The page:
Senior Tripod Editors Reflect on Their Time on The Beat

By Nick Cimillo ‘26

Staff Writer

In the coming weeks, the four senior section editors of the Tripod will be moving on to the next phase of their lives. In this final edition before graduation, three of these four editors — opinion editor Kash Jain ‘24, features editor Abbey O’Leary ‘24 and arts editor Hannah Lorenzo ‘24 — discuss what led them to join the Tripod, some personal highlights during their careers and what their futures will look like after Trinity.

In recounting his experience of first joining the Tripod, opinion editor Kash Jain ‘24 found he became an editor on a whim. “I was remote freshman year,” Jain recalled, “and I had a class with a guy who was then a managing editor [for the Tripod]. And over the summer he emailed me [saying] ‘Hey, do you want to… come on and be an opinion editor?’… I’m like ‘You know what? I got nothing else going on right now; it’s gonna be my first semester, [so] why not get involved with something’…So I joined and I stuck with it.”

Jain also cited his reasons for sticking with the opinion section since the beginning of his Tripod career. “I like writing stuff… about politics and these kinds of issues,” he said. “That’s always been my kind of thing. I think it offers you a lot of freedom in what you can write about and it’s something that you can really easily insert your passions into, but it’s [also] something you can also really effectively use to bring perspective.”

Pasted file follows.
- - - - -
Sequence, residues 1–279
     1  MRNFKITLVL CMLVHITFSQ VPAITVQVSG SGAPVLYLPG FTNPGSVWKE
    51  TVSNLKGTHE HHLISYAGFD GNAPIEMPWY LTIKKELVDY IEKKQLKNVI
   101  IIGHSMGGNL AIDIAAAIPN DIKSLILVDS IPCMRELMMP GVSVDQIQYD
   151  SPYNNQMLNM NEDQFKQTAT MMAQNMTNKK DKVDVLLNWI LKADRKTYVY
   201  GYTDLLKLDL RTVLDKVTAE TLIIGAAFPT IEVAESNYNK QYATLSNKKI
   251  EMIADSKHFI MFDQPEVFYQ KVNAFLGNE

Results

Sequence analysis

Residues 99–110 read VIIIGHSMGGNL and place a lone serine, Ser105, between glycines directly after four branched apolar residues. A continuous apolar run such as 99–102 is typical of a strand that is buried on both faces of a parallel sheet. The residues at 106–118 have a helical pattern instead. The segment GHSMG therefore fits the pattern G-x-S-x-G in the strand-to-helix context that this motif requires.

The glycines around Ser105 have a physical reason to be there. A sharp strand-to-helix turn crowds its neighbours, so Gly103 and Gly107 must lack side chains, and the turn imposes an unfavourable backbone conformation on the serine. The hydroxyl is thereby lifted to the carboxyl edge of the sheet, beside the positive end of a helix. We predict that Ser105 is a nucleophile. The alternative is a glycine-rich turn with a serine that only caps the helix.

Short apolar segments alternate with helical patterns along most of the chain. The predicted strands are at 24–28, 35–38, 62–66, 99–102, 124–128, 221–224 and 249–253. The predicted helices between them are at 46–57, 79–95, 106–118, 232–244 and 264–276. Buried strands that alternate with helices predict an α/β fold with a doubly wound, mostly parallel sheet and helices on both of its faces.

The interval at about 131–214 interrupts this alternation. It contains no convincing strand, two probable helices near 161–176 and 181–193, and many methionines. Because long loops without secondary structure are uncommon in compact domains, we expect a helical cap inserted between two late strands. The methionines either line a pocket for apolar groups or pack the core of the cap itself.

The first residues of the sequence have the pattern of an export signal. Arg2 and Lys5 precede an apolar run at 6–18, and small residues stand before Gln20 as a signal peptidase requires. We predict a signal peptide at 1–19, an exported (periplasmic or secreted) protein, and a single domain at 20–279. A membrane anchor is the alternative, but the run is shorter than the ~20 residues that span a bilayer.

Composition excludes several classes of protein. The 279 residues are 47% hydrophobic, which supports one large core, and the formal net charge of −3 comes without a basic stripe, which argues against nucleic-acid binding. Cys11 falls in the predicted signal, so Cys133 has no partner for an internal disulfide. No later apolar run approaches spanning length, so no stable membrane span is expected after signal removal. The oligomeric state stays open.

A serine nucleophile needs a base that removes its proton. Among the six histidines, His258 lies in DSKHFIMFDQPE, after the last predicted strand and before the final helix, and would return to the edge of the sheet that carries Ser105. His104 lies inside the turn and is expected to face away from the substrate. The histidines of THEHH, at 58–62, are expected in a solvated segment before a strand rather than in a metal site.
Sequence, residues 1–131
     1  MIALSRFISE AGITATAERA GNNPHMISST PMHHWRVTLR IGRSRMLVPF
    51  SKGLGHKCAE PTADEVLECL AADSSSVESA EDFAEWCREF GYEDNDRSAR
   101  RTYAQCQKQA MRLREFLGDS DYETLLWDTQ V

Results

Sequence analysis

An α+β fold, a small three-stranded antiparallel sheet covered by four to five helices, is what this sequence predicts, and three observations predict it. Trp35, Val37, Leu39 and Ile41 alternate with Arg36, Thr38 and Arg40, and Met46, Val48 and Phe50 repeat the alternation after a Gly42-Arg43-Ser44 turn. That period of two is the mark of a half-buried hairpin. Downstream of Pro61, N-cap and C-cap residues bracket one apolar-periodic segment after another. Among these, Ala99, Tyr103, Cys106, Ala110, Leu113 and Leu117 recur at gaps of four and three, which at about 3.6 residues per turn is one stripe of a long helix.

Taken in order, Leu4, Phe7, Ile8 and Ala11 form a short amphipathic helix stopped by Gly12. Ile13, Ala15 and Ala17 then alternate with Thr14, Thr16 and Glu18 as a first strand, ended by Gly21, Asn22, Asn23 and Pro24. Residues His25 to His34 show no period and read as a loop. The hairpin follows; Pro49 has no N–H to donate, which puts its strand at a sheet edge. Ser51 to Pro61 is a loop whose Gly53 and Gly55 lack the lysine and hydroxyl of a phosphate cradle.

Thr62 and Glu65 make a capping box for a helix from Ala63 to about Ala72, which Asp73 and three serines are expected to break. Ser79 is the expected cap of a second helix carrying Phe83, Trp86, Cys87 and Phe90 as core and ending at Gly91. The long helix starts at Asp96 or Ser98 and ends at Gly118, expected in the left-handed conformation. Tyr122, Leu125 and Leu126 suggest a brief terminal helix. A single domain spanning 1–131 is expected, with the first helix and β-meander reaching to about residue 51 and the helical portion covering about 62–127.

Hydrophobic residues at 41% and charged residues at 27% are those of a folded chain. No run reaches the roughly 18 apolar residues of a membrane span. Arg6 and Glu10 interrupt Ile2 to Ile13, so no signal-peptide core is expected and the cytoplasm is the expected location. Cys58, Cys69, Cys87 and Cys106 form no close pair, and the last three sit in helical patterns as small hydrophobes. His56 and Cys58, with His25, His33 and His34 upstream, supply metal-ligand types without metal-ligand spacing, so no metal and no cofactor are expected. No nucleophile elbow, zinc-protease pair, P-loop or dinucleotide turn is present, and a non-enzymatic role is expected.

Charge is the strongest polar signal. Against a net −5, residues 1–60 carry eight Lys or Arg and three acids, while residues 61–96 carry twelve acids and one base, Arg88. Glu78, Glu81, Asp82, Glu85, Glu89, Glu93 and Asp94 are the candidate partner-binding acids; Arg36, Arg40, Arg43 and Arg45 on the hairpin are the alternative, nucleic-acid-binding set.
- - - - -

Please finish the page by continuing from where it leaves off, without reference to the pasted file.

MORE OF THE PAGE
In line with his preference towards political writing, his personal favorite article he’s written for the Tripod centers around former US Congressman Clair Engle’s vote in favor of the Civil Rights Act, “a singular moment in American politics where someone, even facing death [and] so much stress and pressure, was able to show up and do what needed to be done.”

As his time on the Tripod progressed, Jain noticed a lack of engagement not just at Trinity, but other campuses as well. “I don’t know if it’s coming out of the Covid years… but there’s always been, I feel…  weaker engagement with a lot of stuff than there can be… [But] I think maybe we’re going in the right direction; I think the grades below us are a bit more engaged with the community and getting involved.” After graduating, Jain is looking to pursue government work, but still wants to keep personal writing in his life. “I like writing fiction; I’ve done short stories… but I do [also] want to do more opinionated pieces.”